As our children become adults, one of the biggest milestones is the day they move away from home and find themselves in front of a new door. Leaving a house that has provided decades of love, safety and happiness comes with mixed emotions for everyone. However, it is a natural progression towards independence and embracing the future. When an adult has a disability, it’s often hard to imagine there will ever be a door that opens to a future where those hopes and dreams become a reality. But it all starts with a knock.
Part of the planning process for my son has included his future, with us and when my husband and I are gone. Closing the door on one’s own existence and preparing for the inevitable is something we all encounter and plan for, but it becomes even more critical when your son has a disability. That being said, it was important that Jonathan have input and feel confident in any move. So for the past 3 years we have been searching for his new home. Three weeks ago, Jonathan found it, complete with a pool, four new roommates and his own independence.
Our journey has led us through many of life’s doors– front doors and back, side doors, basement and patio doors, some small, others large. Each with their own purpose and lesson. Even a few exits and entrances we never imagined. All have been an important part of the process: learning, loving and even letting go. Jonathan has always trusted us to lead the way and now he leads himself on a journey where I watch and now learn to step aside as he chooses the doors he wants to open. Forges new relationships and reliances on others. Makes his own way in the world and defines his own happiness. We all knew this time would come, the knock on the door telling Jonathan it was time to go find his independence, happiness and future.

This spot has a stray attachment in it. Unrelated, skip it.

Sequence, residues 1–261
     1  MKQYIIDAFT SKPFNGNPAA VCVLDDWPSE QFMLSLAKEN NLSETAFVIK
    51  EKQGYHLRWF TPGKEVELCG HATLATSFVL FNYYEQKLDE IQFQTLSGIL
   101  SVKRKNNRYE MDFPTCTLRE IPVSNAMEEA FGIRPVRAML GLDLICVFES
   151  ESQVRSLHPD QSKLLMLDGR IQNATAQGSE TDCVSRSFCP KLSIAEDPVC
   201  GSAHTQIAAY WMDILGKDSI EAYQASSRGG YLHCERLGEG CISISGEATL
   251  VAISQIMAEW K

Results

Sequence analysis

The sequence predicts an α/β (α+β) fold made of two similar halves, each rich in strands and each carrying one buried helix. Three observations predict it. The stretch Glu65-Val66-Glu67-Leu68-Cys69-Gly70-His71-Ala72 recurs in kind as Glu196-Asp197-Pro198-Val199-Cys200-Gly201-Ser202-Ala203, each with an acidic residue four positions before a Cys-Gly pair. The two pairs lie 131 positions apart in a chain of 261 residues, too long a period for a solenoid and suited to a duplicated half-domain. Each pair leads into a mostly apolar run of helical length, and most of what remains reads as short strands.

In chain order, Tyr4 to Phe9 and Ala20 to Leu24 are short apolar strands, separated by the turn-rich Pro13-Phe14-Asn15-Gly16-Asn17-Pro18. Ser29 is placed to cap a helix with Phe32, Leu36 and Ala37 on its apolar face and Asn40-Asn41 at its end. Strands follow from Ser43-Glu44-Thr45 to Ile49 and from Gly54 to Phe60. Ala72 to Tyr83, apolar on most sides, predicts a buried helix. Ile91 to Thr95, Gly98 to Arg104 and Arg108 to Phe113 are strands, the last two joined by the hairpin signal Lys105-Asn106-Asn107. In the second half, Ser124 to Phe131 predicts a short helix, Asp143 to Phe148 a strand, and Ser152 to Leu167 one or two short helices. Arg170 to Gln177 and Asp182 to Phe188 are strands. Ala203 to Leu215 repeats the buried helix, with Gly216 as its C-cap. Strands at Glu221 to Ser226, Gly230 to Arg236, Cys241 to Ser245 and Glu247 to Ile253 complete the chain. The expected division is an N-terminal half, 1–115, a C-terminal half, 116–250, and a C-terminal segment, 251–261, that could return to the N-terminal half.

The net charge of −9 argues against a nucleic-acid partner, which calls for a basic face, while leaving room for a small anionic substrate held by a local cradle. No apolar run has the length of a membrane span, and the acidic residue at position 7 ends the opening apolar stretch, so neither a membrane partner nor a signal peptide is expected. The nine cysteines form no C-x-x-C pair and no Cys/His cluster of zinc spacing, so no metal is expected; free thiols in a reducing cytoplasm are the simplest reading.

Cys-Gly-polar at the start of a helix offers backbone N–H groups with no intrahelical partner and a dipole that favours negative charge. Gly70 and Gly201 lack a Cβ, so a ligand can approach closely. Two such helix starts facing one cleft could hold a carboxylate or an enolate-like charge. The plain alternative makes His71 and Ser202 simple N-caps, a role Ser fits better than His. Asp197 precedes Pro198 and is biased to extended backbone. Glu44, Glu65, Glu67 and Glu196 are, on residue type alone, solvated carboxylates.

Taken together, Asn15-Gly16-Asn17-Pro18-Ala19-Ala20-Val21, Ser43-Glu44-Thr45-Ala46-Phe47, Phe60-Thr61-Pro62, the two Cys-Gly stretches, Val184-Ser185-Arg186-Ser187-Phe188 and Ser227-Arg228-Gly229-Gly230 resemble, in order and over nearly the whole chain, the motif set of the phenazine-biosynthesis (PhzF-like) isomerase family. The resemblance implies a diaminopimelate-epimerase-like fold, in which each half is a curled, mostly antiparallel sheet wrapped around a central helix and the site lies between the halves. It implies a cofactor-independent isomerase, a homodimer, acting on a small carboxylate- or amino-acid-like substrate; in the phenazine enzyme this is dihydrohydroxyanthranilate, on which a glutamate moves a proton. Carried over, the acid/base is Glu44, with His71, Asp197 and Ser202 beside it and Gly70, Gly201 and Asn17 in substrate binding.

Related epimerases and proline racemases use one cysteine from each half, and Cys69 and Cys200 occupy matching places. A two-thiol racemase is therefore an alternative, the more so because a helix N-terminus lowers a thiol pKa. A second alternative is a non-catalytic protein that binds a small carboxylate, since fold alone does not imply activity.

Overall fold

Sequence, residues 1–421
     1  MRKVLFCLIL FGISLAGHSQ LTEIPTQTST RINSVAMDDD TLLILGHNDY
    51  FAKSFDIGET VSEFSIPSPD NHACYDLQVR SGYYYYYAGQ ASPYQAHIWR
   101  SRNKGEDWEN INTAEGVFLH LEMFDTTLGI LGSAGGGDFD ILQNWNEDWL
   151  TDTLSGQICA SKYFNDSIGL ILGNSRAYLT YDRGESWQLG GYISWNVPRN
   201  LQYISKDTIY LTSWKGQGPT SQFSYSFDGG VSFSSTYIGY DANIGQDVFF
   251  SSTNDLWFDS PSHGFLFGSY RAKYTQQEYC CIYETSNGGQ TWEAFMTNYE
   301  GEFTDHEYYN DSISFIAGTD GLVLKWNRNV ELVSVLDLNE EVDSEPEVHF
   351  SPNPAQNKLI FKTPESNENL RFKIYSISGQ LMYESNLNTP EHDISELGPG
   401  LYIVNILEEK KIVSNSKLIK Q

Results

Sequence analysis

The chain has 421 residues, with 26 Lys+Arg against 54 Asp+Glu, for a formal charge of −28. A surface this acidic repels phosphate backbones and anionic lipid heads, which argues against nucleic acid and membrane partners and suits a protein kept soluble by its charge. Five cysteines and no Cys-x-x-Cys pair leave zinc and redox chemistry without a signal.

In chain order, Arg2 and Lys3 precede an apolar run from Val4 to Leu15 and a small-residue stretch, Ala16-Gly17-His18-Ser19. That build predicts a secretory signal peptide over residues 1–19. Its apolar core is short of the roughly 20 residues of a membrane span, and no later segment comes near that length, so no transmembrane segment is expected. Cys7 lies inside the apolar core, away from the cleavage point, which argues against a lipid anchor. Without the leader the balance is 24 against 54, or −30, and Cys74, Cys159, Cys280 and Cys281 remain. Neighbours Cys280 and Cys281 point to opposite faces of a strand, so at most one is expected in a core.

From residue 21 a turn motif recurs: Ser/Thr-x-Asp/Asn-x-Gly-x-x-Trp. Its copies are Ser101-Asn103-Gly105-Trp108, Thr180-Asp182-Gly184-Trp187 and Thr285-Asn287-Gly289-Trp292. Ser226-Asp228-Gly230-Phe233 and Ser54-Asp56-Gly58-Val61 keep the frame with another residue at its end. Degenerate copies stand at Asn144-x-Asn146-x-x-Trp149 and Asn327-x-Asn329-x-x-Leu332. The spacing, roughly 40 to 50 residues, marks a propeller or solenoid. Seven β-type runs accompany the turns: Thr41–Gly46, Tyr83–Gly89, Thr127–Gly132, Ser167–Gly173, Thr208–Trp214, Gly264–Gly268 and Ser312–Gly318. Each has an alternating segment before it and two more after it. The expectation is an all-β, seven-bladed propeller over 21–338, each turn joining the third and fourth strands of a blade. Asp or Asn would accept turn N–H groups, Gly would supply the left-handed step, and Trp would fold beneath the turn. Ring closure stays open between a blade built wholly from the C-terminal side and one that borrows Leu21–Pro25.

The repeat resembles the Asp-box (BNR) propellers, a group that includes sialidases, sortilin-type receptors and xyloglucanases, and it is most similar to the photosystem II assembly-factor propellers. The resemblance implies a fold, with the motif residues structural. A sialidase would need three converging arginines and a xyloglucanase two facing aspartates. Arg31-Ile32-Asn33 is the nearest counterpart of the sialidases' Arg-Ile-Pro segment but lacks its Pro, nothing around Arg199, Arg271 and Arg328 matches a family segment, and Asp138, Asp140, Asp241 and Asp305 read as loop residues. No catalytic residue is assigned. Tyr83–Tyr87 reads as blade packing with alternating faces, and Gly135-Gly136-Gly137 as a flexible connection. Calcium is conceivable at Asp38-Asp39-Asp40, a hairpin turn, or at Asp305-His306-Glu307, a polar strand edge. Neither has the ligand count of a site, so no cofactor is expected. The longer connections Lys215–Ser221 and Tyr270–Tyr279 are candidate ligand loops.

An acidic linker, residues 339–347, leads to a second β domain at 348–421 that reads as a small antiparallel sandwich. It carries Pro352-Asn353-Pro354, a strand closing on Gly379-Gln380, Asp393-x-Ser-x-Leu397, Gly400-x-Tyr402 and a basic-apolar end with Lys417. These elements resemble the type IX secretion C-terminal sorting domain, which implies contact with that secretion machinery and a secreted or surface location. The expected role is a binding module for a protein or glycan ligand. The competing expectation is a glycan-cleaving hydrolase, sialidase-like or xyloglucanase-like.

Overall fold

The day after his move I returned from work, exited my car and closed the door. I immediately looked towards Jonathan’s window. In search of the face, smile and wave that would greet me every time I arrived home. Today it wasn’t there and a pang of sadness hit me. Two days later I went to put some laundry back in his room. As I reached the top of the stairs I came face to face with his bedroom door. Typically Jonathan would be sprawled out on his bed with his iPad or watching the TV. But as I opened the door, I was met with a neatly made bed and silence. Another wave hit and I stood there for several minutes reflecting on his absence in both the room and my presence. Some doors are harder to close than others.
While we will always be in Jonathan’s life til our last day on this earth, the view is different– similar to looking through a peephole and we no longer hold the key. We are faced with our own form of parenting independence which feels strange to say the least, after 28 years of being the doorman in our son’s life. We are now the revolving door with a watchful eye. It will take some getting used to but Jonathan is showing us he was more than ready to make this move. I can find peace and comfort in that.
And if I had any doubts, they were erased that first night we moved him into his new home. I guess I expected it to be a sad occasion, but it was the complete opposite. It was a beautiful testament to how much Jonathan has grown over the years into the young man sitting on his new bed, laughing with his sisters, watching Jeff install his TV and telling me where he wanted his things. We hung some of his favorite family photos on the wall and he smiled as each was nailed into place. Together we organized his bathroom as he chose where he wanted all of his toiletries and towels. Same with his clothes and shoes, happy to be the one orchestrating things his own way. It was an evening filled with happiness, pride and excitement about the possibilities that lie ahead.
Like all of us, Jonathan will encounter struggles along the way, he will learn to adapt, trust that others will support him, yet always know his family is there whenever he needs us. Jonathan doesn’t need a key for that door, it will always be open.
As we all said our goodbyes, Jonathan gave us the biggest grin and then turned his attention back to his movie. But as we were walking out of his bedroom Jonathan’s last words of the evening were: “Close the door “. We all laughed and in that moment I realized while we were closing one door, another had just opened.